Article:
121. Thuderstrike (30 points)
Year first appeared: 1993
Eric Masterson, an architect, is merged with Thor and given Thor's form and powers after Thor is sealed in Eric's mind, by Odin, due to Thor's accidental killing of Loki. Eventually, Odin is revealed to have been possessed by Loki, who was attempting to manipulate everybody. Eric and Thor are separated and restored to their original bodies.
Eric continues in the role of Thor, after having been given Mjolnir by Thor, who tells Eric to carry on as Earth's protector. Eric then returns to Earth and joins the Avengers in Thor's place. During this time, he aids them in such battles as the Kree/Shi'ar war and the Infinity Gauntlet crisis, being one of only three heroes at the conclusion of that battle to remember the entire confrontation (the other two being Doctor Strange and the Silver Surfer).
Eric's role as Thor is relatively brief, as the Enchantress manipulates Eric into attacking Thor for Sif's affection. During a confrontation with Thor, Eric hits Sif, which provokes Thor, leading him to defeat Eric and reclaim Mjolnir while Odin reveals the Enchantress’ manipulations. Odin then creates a new mace for Eric called Thunderstrike.
Eric first uses the Thunderstrike mace against the villain Bloodaxe and is promptly defeated. Afterwards, Eric creates his own costume to distinguish himself from Thor, while keeping Thor’s reputation intact. Eric names himself Thunderstrike, after the mace itself. Eventually Eric defeats Bloodaxe, only to discover that Bloodaxe was actually Jackie Lukus, his current love interest.
After a confrontation with Seth the Egyptian god of death, Eric realizes the only way to defeat him is to succumb to the curse contained with the Bloodaxe and increase his strength. After his supposed slaying of Seth, the Avengers, who attempt to arrest him for murder, confront Eric. Eric defeats the Avengers and is confronted by Thor. Eric pleads with Thor to kill him to prevent the curse of the Bloodaxe from taking him over completely. Eric is eventually forced to fight the Bloodaxe subconsciously, which manifests in Eric’s mind in the form of Skurge. Eric eventually defeats the Skurge duplicate, causing a psychic backlash that kills him and destroys the two weapons. Claiming that Valhalla is not where he belongs, Eric is sent into the afterlife by Odin.
The Grim Reaper temporarily resurrects Eric several years later, along with several other deceased Avengers. After overcoming the Grim Reaper's control, he and the other undead Avengers are returned to the afterlife by the Scarlet Witch. Before returning to the afterlife, Eric asked Thor to check in on his son for him.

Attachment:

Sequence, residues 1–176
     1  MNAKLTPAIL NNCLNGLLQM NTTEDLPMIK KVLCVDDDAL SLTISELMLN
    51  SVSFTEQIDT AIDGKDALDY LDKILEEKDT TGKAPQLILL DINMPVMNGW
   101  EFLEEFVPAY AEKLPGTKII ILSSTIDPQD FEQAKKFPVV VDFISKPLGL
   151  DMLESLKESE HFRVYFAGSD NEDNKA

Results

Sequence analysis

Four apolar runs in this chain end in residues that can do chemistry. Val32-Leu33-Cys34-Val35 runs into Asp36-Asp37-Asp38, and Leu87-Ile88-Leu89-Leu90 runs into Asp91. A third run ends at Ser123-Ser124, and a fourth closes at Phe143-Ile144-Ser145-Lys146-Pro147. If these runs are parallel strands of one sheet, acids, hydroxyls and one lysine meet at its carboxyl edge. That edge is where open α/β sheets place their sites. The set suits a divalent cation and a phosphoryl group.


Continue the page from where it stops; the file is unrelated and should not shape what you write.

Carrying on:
120. Phoney Bone (30 points)
Year first appeared: 1991
"The Lex Luthor of Boneville."
They really need to make this into an animated movie. I can tell you it will make shitloads of money. Since Scholastic started releasing the colored versions of the trades, this book sells like hotcakes in bookstores. Kids love this book. Kids = $$$. Just sayin’.
Manipulative and greedy Phoney Bone will do anything to get rich. Run out of Boneville by an angry mob of villagers after a few shady business deals, his greediness and selfishness makes an enemy of anyone who crosses him in the valley. Referred to as "The One Who Bears The Star" (due to the star t-shirt he wears) by the Hooded One, Phoney is sought after by the Rat Creature army though he does not know why (later it's revealed that the Hooded One erroneously believed a giant balloon of Phoney used in his campaign for mayor of Boneville that fell in her lair to be an omen that Phoney could be used to fulfill her agenda). Fone says that part of the reason for his cousin's resourcefulness and greed may be that Phoney, as the oldest of the Bone trio, raised his two cousins when they were young — and poor — orphans. Though he is selfish he is very defensive of his cousins when he needs to be, and shows he really cares about them. An example is given when he is approached by The Hooded One who proceeds to threaten Fone Bone, Phoncible becomes angry and warns The Hooded One to stay away from Fone. He also shows his jest side, despite his complaining the whole story, by appearing to run away in the last battle, only to come back in armor with reinforcements ready for battle. To his dismay, they arrive right as the battle ended. However he still claims himself as a hero.